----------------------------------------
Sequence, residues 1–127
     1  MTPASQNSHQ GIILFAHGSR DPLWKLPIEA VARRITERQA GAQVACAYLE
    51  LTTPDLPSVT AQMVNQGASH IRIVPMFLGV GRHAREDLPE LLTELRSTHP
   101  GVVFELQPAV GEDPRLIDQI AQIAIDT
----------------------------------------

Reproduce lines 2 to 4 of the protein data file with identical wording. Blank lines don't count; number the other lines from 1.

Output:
     1  MTPASQNSHQ GIILFAHGSR DPLWKLPIEA VARRITERQA GAQVACAYLE
    51  LTTPDLPSVT AQMVNQGASH IRIVPMFLGV GRHAREDLPE LLTELRSTHP
   101  GVVFELQPAV GEDPRLIDQI AQIAIDT